Agri Business

Study blames MGNREGA for farm labour shortage

Tomojit Basu PTI New Delhi | Updated on March 12, 2018 Published on March 04, 2015

The report also says that rural wages have outstripped urban wages but productivity has not increased.

farmlabour   -  The Hindu

The scheme can have a negative impact on prices, productivity: FICCI-KPMG

After the Prime Minister’s referred to MGNREGA as a “monument to the failure of the UPA regime”, comes a report blaming it for creating shortage of farm labour.

A Federation of Indian Chambers of Commerce and Industry (FICCI)-KMPG report titled ‘Labour in Indian Agriculture: A Growing Challenge’, released here on Wednesday, says schemes, such as the Mahatma Gandhi National Rural Employment Guarantee Act (MGNREGA), have affected farm labour adversely and can have a negative impact on productivity and prices.

“This reduction in supply (of farm labour) alone with the support of a number of Government schemes, including MGNREGA, has led to an escalation in farm wages, which is adversely impacting the profitability of the farmer,” said A Didar Singh, Secretary General, FICCI.

Rural wages, he stated, have grown on average by 17 per cent on average since 2006-07 and outstripped urban wages while productivity has not increased.

The report found that between 2004-05 and 2011-12, farm labour declined by around 30.57 million while the total size of the workforce kept rising. The share of agri workforce during the same period declined from 56.7 per cent to 48.8 per cent.

Ashok Gulati, Chair Professor of Agriculture, ICRIER, told BusinessLine that questions like mechanisation had to be taken up and the report’s recommendations on dovetailing “MGNREGA with agricultural activities at the central level and establishment of a national common market are in the right direction”.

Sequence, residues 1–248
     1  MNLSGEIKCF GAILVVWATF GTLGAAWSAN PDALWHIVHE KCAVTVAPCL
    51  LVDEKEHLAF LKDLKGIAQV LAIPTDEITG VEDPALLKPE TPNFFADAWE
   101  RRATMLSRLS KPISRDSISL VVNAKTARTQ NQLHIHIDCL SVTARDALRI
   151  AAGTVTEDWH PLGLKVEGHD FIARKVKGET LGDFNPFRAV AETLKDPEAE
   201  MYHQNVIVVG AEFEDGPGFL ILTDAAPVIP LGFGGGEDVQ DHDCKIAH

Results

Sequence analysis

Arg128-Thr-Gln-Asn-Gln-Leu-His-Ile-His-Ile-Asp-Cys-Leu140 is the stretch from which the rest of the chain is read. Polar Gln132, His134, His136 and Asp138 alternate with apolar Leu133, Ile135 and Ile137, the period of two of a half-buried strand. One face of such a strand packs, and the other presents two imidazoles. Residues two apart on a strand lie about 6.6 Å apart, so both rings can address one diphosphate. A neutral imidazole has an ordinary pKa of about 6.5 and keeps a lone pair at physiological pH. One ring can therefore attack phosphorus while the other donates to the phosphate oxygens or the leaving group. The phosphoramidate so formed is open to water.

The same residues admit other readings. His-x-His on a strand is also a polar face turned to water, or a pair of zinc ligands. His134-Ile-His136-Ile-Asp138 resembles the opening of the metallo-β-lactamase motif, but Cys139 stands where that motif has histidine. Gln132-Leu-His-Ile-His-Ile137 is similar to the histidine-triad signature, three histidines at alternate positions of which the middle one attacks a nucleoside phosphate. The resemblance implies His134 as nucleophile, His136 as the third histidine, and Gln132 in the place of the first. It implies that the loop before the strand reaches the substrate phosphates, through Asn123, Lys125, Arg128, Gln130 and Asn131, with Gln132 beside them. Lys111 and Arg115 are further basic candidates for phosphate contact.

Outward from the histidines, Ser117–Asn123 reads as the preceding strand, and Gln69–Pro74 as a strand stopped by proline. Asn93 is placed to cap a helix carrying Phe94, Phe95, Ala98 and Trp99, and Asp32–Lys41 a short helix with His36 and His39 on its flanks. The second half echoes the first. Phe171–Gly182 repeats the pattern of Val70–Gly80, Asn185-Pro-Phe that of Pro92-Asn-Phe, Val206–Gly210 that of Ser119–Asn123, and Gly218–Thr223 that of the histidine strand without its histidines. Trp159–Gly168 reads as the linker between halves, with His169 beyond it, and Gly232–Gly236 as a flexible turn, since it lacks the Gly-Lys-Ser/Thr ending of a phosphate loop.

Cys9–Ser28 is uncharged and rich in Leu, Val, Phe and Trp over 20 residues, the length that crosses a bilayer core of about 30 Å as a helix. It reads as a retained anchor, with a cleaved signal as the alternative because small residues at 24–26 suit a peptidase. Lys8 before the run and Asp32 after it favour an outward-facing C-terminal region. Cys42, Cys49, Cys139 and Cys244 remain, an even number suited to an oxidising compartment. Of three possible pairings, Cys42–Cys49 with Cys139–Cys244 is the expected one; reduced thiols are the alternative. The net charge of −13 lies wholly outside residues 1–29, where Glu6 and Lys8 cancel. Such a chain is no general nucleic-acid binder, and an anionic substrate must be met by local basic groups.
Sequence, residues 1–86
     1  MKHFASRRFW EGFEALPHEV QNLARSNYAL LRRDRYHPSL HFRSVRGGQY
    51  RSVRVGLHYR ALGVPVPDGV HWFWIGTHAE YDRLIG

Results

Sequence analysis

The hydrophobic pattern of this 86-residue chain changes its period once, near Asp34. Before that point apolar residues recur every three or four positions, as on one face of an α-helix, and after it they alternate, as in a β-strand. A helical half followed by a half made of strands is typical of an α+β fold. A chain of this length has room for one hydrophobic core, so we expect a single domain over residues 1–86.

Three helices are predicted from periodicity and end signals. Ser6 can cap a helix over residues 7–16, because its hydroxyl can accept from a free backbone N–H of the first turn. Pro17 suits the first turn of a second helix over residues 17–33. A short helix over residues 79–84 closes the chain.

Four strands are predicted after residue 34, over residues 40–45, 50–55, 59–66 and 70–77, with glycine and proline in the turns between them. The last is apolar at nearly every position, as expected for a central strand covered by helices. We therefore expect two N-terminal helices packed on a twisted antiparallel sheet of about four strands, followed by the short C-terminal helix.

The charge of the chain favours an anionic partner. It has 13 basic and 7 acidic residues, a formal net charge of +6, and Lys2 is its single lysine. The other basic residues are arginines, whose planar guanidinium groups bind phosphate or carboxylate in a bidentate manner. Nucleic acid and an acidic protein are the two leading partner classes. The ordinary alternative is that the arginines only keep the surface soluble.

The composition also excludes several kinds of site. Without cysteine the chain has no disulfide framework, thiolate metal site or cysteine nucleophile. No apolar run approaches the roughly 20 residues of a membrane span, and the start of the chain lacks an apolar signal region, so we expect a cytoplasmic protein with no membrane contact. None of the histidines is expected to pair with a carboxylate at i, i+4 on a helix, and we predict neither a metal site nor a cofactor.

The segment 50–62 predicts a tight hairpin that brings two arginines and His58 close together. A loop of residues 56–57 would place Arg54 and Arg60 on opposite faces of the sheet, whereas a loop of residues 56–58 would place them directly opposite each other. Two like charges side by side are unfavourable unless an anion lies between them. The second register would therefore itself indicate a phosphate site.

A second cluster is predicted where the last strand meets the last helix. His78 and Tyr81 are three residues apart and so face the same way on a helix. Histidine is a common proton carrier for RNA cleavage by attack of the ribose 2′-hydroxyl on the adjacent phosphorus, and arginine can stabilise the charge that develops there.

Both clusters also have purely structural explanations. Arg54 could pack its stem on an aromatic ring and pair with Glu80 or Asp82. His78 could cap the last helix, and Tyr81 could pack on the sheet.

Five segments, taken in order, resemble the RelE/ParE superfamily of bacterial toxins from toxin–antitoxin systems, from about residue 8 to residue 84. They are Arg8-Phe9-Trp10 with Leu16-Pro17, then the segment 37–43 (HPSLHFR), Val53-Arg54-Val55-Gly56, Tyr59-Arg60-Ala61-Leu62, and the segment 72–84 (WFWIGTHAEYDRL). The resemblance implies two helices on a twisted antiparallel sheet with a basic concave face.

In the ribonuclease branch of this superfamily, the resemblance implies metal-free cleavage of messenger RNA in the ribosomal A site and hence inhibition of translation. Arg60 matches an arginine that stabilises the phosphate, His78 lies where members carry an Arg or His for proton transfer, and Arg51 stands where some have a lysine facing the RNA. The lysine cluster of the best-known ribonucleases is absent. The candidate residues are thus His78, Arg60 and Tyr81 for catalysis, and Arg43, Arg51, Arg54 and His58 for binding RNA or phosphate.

“At the State level, land policies and customised hiring need to take place. All this won’t happen overnight,” he said.

Alternative course

Pravesh Sharma, Managing Director of the Small Farmers’ Agribusiness Consortium, an agency under the Department of Agriculture and Cooperation, refuted the need to promote excessive mechanisation.

“The US, China and the European Union, are growing more grain to feed the meat industry. This is not the case for India, so increased mechanisation cannot be a priority for India,” he said, suggesting sustained afforestation efforts, better transport and communication facilities would help farmers better.

Crop damage

The recent showers across the country, which damaged significant amounts of the Rabi crop, are also likely to impact farm labour and wages, as also consumers.

“Whenever there is unseasonal rain and crop damage, labour demand and wages reduce. This is a temporary phenomena, however, and such incidents occur every three or four years,” said Ashok Vishandass, Chairman, Commission for Agricultural Costs and Prices, who released the report.

An assessment of crop damage is yet to be made, he said, with estimates ranging between 15 and 50 per cent. Wheat, mustard, potato, and a range of vegetables and fruits are believed to have been damaged across Uttar Pradesh, Haryana, Punjab, Maharashtra, Gujarat and Madhya Pradesh.

Rajya Sabha members had raised the issue in Parliament on Tuesday and demanded special relief packages and crop loan waivers for the affected farmers and also suggested special initiatives to be undertaken to study the impact of climate change on agriculture.

Published on March 04, 2015
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